A lawsuit filed Thursday seeks to stop the alleged incineration of fluorinated firefighting foam in eastern New York state under a contract with the U.S. Department of Defense.
Filed in California by the Sierra Club and other environmental groups, the lawsuit charges that the owners of a construction materials company in Cohoes, New York, hold a regional contract with the DOD to incinerate firefighting foam containing perfluoroalkyl and polyfluoroalkyl substances known as PFOA and PFOS.
The New York company, Norlite, operates a hazardous waste kiln that provides energy for its manufacturing operations.
State Assembly member John T. McDonald III, representing the region, said the absence of validation of the contract by the U.S. Environmental Protection Agency is troubling.
“There are many unknowns with this method of disposal and I fully understand the importance of disposing of these potentially toxic substances safely,” McDonald said. “It is critical that we have answers before activity is permitted.”
The suit charges that at least 40 shipments of foam from agency facilities has been accepted at Norlite since February 2019. It is unknown if that entire amount has been burned or is being held onsite pending maintenance to the kiln.
PFOS and PFAS belongs to a group of manufactured chemicals referred to as fluorinated chemicals that have a strong fluorine-carbon bond. That bond, according to the International Fire Chiefs Association, has made these chemicals indispensable in aqueous film forming foam used in large-volume flammable liquid firefighting.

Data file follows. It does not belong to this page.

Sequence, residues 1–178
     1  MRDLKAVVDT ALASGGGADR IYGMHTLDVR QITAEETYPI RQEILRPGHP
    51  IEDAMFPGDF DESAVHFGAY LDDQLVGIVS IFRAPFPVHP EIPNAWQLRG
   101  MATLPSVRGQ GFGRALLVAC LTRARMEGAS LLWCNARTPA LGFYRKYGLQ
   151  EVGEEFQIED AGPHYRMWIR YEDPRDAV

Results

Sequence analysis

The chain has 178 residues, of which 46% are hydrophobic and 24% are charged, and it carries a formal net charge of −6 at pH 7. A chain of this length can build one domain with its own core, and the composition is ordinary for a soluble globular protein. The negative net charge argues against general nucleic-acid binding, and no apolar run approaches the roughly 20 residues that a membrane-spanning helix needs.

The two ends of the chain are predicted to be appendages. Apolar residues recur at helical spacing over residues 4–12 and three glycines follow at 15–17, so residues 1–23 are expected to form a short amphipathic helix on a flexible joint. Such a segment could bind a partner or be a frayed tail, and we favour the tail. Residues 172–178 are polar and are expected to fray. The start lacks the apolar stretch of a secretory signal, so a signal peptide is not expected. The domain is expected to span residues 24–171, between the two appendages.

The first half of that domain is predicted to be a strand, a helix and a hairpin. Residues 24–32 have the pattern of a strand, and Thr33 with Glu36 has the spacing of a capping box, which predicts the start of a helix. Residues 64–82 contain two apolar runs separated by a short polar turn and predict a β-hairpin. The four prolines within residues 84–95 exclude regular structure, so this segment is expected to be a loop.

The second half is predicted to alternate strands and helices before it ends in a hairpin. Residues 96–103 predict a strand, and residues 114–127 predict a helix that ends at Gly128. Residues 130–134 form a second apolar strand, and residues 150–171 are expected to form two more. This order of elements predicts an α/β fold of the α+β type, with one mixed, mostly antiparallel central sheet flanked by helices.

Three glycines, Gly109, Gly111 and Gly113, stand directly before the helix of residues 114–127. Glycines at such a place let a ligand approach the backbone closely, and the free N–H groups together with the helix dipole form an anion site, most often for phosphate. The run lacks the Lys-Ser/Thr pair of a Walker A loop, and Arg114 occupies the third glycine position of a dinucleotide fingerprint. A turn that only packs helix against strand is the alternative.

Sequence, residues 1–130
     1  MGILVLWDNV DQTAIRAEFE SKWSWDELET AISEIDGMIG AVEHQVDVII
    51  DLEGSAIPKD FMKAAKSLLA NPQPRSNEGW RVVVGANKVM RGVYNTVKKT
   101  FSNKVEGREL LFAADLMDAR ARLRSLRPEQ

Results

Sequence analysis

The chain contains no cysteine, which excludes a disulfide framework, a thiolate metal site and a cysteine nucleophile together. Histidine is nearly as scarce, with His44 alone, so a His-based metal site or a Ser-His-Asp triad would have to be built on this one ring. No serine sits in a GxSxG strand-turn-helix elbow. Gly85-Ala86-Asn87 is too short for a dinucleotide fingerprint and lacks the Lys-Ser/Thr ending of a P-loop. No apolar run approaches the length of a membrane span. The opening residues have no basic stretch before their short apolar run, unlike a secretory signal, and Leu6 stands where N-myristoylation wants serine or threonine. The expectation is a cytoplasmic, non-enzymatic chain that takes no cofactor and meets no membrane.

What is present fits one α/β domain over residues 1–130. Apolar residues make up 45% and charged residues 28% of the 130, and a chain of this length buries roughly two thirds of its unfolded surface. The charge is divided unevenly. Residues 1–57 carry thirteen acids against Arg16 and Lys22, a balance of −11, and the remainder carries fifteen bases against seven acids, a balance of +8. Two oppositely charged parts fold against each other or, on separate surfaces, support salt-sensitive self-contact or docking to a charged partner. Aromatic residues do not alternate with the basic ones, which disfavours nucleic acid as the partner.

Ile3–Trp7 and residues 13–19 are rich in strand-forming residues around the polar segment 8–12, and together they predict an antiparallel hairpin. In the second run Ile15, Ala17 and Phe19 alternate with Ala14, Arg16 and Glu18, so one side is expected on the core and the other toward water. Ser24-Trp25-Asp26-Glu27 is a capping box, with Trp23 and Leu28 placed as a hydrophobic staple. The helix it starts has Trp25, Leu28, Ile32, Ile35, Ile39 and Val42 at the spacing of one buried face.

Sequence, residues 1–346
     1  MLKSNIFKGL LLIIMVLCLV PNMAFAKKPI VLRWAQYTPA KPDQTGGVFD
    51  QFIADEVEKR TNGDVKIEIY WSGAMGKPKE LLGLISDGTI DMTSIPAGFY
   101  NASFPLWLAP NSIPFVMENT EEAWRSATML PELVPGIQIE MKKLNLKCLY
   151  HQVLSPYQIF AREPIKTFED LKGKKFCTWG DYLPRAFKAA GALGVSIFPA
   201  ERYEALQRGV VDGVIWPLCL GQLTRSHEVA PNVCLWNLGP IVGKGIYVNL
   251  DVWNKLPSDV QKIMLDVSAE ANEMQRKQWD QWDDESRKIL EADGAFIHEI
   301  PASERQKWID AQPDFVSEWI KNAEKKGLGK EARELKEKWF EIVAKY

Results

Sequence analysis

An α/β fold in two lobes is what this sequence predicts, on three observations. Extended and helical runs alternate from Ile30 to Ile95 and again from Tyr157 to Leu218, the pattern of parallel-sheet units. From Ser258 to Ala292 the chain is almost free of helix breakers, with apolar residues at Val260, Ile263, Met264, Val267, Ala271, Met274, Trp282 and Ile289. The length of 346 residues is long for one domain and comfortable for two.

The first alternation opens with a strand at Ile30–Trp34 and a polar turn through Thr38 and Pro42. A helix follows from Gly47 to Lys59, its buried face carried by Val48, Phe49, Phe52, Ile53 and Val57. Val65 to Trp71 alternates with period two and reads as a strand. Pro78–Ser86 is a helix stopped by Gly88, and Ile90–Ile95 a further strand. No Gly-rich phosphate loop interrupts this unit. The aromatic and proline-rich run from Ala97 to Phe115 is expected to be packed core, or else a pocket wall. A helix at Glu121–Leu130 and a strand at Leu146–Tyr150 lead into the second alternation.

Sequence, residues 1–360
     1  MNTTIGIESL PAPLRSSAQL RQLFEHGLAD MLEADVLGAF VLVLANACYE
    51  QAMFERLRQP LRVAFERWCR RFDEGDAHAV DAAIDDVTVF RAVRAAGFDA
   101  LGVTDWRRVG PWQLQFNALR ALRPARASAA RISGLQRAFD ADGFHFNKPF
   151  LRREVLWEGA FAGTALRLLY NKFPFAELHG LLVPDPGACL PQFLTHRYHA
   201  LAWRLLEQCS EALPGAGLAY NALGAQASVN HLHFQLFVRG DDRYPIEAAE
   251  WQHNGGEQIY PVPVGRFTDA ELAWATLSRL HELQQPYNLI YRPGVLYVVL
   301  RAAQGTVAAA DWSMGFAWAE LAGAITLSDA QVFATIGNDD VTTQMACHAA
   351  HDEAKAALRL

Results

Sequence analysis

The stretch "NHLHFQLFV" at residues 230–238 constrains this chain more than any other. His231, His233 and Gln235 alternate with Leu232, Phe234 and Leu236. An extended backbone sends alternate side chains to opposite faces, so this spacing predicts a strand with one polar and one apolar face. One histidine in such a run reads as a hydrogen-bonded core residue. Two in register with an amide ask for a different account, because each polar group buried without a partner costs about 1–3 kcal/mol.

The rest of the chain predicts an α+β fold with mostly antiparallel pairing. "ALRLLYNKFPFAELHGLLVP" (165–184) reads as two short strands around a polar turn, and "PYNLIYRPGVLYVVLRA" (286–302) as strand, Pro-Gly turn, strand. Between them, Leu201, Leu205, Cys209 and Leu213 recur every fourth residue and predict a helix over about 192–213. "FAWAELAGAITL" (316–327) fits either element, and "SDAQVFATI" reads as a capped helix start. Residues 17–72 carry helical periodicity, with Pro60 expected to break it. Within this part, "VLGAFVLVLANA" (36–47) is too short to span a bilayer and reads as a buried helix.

Its use for decades in products such as non-stick cookware, fast food wrappers, stain-resistant sprays and specific types of firefighting foams has made these chemicals ubiquitous in the environment. Excessive exposure to PFAS has been linked to immune system issues, cancer, thyroid hormone distribution, hormone production and regulation, and cholesterol levels.
In a statement released Thursday, Cohoes Mayor Bill Keeler said he only learned last week of the firefighting foam incineration locally.
“Based on our preliminary research on the disposal of (the) firefighting foam AFFF, it was immediately clear we needed both answers and expert guidance on the possible transportation to, storage, and incineration of these so-called “forever chemicals” PFOS and/or PFOA at the Norlite facility,” the statement reads.